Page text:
The amount of solar radiation the Earth receives is very closely related to its distance from the sun. And although the sun's output has varied over it's long lifetime, Earth's distance from the sun and orbital characteristics have the greatest effect on the amount of radiation our planet receives. But not all sunlight is absorbed by the Earth. Some is reflected back into space instead of being converted to heat.
Inverse Square Law
The inverse square law is a fundamental concept in physics that applies to many phenomena including gravity, electrostatics and the propagation of light. The law states that a given quantity or intensity is inversely proportional to the square of the distance from the source. For example, the intensity of solar radiation on the surface of Mercury is nearly nine times that of Earth's, but Mercury is only around three times closer to the Sun. Tripling the distance to the sun decreases the amount of radiation reaching Earth's surface to one-ninth the light level on Mercury.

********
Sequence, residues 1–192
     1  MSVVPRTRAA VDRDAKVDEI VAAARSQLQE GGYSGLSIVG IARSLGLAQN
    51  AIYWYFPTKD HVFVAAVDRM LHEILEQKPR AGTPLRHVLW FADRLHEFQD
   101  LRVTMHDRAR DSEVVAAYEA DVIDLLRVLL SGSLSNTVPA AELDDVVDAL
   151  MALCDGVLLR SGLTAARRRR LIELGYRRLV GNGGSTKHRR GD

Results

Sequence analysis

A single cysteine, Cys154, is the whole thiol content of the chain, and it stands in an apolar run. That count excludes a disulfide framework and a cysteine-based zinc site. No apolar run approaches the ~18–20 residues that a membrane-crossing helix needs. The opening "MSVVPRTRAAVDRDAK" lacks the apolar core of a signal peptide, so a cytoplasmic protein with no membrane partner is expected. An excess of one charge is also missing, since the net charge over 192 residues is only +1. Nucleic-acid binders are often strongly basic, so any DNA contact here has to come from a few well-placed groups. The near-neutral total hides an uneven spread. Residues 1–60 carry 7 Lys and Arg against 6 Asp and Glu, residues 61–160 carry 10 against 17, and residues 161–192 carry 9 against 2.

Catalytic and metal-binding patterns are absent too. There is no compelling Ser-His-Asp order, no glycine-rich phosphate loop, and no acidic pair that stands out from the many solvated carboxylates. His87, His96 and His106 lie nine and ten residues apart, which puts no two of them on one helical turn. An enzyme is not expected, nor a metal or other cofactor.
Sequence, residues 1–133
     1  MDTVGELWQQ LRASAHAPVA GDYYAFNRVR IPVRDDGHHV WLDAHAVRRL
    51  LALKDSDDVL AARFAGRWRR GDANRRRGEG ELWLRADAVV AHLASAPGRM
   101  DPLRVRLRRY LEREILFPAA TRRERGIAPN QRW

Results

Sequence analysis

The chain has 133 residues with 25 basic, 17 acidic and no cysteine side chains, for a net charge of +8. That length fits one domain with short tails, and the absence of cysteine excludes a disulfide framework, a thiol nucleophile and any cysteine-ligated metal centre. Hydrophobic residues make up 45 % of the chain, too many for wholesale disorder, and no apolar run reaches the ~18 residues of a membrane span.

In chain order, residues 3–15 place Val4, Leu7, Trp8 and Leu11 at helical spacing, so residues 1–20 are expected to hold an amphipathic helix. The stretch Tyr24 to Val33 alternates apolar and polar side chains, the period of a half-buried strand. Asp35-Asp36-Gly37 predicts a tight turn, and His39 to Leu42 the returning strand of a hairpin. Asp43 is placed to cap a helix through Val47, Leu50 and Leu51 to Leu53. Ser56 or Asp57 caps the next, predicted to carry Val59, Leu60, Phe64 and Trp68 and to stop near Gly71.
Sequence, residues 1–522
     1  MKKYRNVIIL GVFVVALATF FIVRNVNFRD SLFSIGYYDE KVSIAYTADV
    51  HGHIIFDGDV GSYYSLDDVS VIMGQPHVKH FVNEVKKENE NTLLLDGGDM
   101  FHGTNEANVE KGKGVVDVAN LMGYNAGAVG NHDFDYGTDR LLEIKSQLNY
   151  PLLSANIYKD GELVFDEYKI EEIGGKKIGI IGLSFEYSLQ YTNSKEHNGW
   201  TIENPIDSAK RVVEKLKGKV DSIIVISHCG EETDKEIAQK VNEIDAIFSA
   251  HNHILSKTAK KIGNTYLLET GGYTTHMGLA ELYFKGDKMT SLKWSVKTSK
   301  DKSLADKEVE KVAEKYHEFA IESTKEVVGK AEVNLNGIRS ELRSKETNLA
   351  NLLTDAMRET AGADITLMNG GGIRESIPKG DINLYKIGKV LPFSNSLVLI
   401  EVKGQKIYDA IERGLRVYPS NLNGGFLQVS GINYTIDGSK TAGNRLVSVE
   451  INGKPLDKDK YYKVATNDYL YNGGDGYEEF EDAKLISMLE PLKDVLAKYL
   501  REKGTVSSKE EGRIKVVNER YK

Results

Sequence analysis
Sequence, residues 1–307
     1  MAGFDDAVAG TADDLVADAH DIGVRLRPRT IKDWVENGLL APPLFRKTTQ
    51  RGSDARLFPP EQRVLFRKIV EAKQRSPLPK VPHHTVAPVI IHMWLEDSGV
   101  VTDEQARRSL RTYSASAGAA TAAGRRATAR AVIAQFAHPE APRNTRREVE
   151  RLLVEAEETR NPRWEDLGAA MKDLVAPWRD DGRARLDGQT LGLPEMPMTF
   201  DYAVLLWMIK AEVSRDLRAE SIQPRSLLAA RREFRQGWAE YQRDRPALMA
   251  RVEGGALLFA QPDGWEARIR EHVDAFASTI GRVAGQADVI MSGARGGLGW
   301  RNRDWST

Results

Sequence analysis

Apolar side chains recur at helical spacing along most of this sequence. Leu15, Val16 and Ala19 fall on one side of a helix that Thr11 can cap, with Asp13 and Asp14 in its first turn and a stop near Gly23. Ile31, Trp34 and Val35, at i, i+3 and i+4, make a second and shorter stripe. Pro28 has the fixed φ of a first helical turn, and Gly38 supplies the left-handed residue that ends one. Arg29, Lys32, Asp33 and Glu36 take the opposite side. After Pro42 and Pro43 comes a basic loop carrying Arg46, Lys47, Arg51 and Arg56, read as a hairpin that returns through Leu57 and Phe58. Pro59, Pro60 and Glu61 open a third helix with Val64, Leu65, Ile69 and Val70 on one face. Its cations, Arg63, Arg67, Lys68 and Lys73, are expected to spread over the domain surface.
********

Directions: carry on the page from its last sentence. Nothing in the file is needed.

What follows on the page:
According to Kepler's first law of planetary motion, the law of orbits, Earth moves in an elliptical path around the sun. The distance between Earth and sun varies slightly throughout the year. At aphelion, the farthest distance from the sun, Earth is 152 million km away. But at perihelion, the closest distance from the sun, the Earth is 147 million km away. As a result, throughout the year, the amount of light reaching Earth's surface changes by a few percent.
Through the years, scientists have directly monitored solar radiation by using instruments and satellites like the Total Irradiance Monitor, part of the SORCE satellite mission. Studies show that solar output varies minute to minute and changes drastically over thousands of years. These variations can influence changes in Earth's climate. Sunspots are also related to solar output, although it's not understood how. Historical records of sunspot activity indicate that solar output is higher whenever there are more sunspots.
Scientists can calculate the amount of solar output Earth receives at a given distance from the sun. Earth reflects some of this light into space, reducing the total radiation absorbed. This effect is described by the term albedo, which is a measure of the average amount of light reflected by an object.
Albedo is measured on a scale from zero to one. An object with an albedo of one would reflect all light reaching it, while at zero albedo, all light would be absorbed. Earth's albedo is about 0.39, but changes over time such as cloud cover, ice caps or other surface features change this value.
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